"... the endpoint reference description and the [action] property defined by WS-Addressing are related to the description of a Web service that may be expressed in a WSDL 2.0 document...
In WS-Addressing, an endpoint reference is presented as a complement to the concept of a WSDL service. The [selected port type] and [selected port] properties correspond to those of the WSDL 1.1 Member Submission description of a service, and the [action] property is derived from this description.
However, WS-Addressing does not specify its relationship to WSDL 2.0. We note that the mechanisms used by WS-Addressing to reference WSDL components differ from the mechanisms introduced by WSDL 2.0 to reference WSDL constructs.
WS-Addressing may be used in a message exchange described by a WSDL document. It would be useful to document the relationship between the values of the message information headers and the WSDL components of the description, in particular when WS-Addressing is used in the context of the WSDL 2.0 predefined message exchange patterns..."
Relationship to SOAP:
A binding of message information headers to SOAP is provided, both to the SOAP 1.2 Recommendation and to the SOAP 1.1 submission.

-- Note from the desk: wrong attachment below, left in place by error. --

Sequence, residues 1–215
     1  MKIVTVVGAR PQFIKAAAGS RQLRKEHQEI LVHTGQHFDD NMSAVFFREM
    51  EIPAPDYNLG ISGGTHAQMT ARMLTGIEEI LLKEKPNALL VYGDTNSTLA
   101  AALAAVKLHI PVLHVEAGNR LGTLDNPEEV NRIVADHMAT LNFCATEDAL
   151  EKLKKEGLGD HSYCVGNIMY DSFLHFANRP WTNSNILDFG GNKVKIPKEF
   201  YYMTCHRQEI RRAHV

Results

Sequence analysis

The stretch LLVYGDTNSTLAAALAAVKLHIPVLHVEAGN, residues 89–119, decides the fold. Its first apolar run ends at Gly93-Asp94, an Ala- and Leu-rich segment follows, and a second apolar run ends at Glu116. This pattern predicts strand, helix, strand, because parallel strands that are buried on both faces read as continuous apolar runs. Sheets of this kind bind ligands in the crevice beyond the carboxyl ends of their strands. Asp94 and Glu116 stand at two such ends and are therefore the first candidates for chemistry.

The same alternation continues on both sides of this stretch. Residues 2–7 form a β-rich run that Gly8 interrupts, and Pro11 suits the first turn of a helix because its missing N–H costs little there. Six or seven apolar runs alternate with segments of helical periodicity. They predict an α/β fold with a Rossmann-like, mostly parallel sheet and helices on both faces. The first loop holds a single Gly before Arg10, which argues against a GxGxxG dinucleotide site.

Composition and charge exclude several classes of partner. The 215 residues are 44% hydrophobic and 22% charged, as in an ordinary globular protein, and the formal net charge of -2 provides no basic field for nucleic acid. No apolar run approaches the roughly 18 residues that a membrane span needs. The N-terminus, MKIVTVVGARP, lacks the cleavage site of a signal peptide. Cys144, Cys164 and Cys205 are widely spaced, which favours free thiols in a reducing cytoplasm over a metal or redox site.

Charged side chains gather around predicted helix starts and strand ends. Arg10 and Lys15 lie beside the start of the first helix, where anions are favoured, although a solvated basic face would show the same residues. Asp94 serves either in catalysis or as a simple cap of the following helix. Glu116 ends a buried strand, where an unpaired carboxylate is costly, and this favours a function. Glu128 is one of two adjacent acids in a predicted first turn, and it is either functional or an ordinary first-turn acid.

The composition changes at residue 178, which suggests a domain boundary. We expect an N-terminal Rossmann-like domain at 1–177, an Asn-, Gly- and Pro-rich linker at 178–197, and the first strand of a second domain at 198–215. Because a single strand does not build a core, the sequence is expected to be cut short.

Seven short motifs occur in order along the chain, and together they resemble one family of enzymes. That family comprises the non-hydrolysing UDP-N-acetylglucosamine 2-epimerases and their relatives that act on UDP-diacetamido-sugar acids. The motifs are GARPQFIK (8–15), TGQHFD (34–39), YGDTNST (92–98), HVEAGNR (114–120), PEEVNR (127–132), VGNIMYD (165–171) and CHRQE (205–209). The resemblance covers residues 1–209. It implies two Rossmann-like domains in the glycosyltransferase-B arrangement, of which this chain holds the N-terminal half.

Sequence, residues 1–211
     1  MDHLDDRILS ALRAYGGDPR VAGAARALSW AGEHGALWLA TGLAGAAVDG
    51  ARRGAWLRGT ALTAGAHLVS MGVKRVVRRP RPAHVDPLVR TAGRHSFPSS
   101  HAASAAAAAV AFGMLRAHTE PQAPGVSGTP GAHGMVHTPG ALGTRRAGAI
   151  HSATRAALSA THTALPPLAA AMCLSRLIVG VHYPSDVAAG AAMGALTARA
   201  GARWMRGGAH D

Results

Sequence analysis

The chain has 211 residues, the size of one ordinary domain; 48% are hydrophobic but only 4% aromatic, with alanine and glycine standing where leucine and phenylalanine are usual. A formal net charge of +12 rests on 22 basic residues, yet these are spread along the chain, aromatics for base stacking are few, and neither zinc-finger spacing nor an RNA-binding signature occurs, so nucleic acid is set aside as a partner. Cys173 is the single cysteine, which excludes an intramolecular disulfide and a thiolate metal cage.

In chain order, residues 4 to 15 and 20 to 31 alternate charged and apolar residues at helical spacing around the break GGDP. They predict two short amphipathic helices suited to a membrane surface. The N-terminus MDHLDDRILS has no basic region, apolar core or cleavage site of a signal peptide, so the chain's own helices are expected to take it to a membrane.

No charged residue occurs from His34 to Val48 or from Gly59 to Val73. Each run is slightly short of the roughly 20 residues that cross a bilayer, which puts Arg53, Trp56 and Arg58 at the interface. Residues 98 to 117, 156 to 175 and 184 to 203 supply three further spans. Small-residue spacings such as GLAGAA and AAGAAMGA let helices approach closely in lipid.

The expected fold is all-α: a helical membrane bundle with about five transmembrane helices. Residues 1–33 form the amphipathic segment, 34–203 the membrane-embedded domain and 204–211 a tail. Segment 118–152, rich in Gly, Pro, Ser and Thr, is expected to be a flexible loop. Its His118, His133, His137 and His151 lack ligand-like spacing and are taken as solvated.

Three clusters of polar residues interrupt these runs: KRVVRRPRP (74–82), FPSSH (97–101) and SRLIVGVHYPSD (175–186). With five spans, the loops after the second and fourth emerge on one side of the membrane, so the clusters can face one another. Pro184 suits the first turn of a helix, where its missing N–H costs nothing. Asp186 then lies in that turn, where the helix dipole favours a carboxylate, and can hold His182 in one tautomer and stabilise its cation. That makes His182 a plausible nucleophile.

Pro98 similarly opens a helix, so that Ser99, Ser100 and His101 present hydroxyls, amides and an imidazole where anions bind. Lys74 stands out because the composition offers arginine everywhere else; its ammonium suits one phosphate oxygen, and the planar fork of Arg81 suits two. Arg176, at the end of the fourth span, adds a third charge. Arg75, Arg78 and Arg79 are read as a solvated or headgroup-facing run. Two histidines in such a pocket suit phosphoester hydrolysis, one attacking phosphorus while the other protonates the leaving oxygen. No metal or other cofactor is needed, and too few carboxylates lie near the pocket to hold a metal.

However, the binding to SOAP 1.2 does not define WS-Addressing as a SOAP 1.2 module as it does not define a URI in order for WS-Addressing to be referenced in description languages (such as WSDL 2.0) or during negotiation. Also, WS-Addressing's [action] property can be directly mapped to SOAP 1.2's SOAP Action Feature's action property.
It is also worth noting that WS-Addressing does not define how the message information headers' abstract properties could be serialized out of the SOAP envelope when the SOAP message is bound to the HTTP underlying protocol. Considering the SOAP 1.2 HTTP binding which supports the SOAP Action Feature, the [action] property can be carried in the action parameter. For HTTP requests, the [destination] property may be carried by the HTTP/1.1 Request URI..."
Relationship to the WS-MessageDelivery Specification:
"It is interesting to compare this submission to the WS-MessageDelivery Submission. For example, WS-Addressing defines a [policy] endpoint reference property to carry policy statements, while WS-MessageDelivery does not. Also, while WS-MessageDelivery takes an approach which is derived from WSDL for referencing Web services, WS-Addressing is providing a SOAP extension using a more lightweight description..."